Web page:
It was really the second. I would love to claim that it's something that was designed. But no, when you come in as a writer—you come in hoping to work on things like this. But it took a long time. You've got to prove yourself. You have to build up credentials, you've got to build up street cred just like anything else.I worked for a number of years as a writer out here just on anything I could, really, anything that would pay. Just to be paid as a writer is an accomplishment when it comes to screenwriting. 


I just slowly started building up that resume, and eventually I was working on a movie at New Line [the production company behind Mortal Kombat] and this was there. I knew it was there, and I knew they were working on it. And so I just talked to my agent at the time and talked to some people that were involved with it and said "look, if it opens up, if they don't like what's happening and they need some fresh perspective, I'm here, I love this. It's something I truly love and I can help. So keep me in mind."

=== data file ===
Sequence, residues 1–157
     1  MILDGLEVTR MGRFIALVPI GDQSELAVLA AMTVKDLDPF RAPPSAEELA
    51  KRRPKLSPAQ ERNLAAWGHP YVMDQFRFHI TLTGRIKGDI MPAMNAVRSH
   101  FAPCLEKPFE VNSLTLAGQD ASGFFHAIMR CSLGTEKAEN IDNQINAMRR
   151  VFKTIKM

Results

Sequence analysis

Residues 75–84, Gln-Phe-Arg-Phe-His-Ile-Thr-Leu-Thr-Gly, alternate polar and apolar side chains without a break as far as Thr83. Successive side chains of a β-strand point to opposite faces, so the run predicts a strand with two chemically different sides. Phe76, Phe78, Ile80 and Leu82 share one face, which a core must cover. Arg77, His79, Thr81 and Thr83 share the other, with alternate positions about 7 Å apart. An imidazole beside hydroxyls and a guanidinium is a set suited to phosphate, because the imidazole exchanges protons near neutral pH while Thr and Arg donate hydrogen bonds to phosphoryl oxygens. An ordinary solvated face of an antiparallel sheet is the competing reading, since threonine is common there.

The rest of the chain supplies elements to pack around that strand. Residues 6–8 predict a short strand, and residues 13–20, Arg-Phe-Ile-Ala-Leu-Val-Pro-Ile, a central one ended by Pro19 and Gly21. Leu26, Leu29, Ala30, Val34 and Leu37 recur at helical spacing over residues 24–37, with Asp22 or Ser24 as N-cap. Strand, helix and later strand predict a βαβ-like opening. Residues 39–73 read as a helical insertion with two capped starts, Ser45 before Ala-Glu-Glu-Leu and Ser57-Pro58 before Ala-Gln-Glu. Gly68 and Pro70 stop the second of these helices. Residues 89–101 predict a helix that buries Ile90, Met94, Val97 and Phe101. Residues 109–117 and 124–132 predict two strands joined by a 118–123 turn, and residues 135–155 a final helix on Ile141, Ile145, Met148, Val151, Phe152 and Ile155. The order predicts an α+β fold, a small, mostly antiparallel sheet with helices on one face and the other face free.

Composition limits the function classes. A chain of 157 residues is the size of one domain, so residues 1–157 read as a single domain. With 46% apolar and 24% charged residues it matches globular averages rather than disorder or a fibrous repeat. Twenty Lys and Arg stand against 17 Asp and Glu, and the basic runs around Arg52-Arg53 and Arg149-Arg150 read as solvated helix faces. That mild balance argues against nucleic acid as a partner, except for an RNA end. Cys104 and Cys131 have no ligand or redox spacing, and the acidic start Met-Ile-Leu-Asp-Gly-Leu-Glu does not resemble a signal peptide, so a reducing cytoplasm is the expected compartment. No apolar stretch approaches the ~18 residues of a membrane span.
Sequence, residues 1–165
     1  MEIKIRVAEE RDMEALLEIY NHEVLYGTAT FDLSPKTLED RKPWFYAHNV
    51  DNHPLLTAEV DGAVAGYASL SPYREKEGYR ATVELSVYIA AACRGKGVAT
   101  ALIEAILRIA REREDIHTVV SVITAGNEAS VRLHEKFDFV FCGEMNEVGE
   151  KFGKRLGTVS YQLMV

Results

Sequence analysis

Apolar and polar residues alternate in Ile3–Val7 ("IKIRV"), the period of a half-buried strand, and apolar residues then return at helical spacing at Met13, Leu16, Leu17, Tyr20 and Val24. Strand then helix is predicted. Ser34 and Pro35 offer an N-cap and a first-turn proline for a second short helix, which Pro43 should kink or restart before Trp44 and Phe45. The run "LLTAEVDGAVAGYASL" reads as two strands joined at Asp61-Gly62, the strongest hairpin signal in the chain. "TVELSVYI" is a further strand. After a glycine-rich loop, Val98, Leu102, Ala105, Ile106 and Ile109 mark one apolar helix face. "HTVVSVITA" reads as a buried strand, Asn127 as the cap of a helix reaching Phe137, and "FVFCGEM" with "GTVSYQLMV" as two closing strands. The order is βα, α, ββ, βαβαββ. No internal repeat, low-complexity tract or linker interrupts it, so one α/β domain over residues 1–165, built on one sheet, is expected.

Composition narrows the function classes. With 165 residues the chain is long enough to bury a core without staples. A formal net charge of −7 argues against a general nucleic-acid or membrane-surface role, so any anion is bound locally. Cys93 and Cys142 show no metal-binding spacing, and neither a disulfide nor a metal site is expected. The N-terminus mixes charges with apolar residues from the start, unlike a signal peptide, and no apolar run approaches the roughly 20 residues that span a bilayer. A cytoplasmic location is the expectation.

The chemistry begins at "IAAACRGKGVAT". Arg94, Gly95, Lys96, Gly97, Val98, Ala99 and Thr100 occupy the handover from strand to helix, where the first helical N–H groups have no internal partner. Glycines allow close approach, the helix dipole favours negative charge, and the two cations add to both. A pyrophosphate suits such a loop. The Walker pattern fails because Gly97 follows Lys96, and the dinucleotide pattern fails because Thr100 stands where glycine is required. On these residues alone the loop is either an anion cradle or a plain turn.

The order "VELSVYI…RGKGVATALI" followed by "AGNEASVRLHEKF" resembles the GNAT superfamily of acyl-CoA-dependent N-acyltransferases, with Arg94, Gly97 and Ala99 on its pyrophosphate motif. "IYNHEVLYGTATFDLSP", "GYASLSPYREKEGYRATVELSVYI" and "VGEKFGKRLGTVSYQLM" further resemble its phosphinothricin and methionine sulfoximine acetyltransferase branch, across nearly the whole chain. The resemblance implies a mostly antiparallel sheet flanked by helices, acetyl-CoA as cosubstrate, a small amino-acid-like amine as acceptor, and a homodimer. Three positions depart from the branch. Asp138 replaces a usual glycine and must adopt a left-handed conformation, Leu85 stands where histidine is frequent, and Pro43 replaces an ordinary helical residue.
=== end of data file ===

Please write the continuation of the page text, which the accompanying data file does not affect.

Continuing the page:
Thankfully, that's how it worked out, coming to me in that way. I'm thankful that they did, certainly grateful, and I hope that it pays off. [laughs]


It's gotta to be rare where someone that gets attached on a screenwriting level has more than just a passing reference to the material.
Yeah. [laughs].

I talked to Simon [McQuoid, director of Mortal Kombat] earlier this week and a lot of what he said is what I've seen a lot with these adaptations: trying to manage fan expectations. But you're a fan yourself. When you went into this process, how did you manage your internal fan expectations? When it becomes, "Great, the whiteboard's in front of me. I can pluck from nine different palette swapped ninjas from the Mortal Kombat mythology!"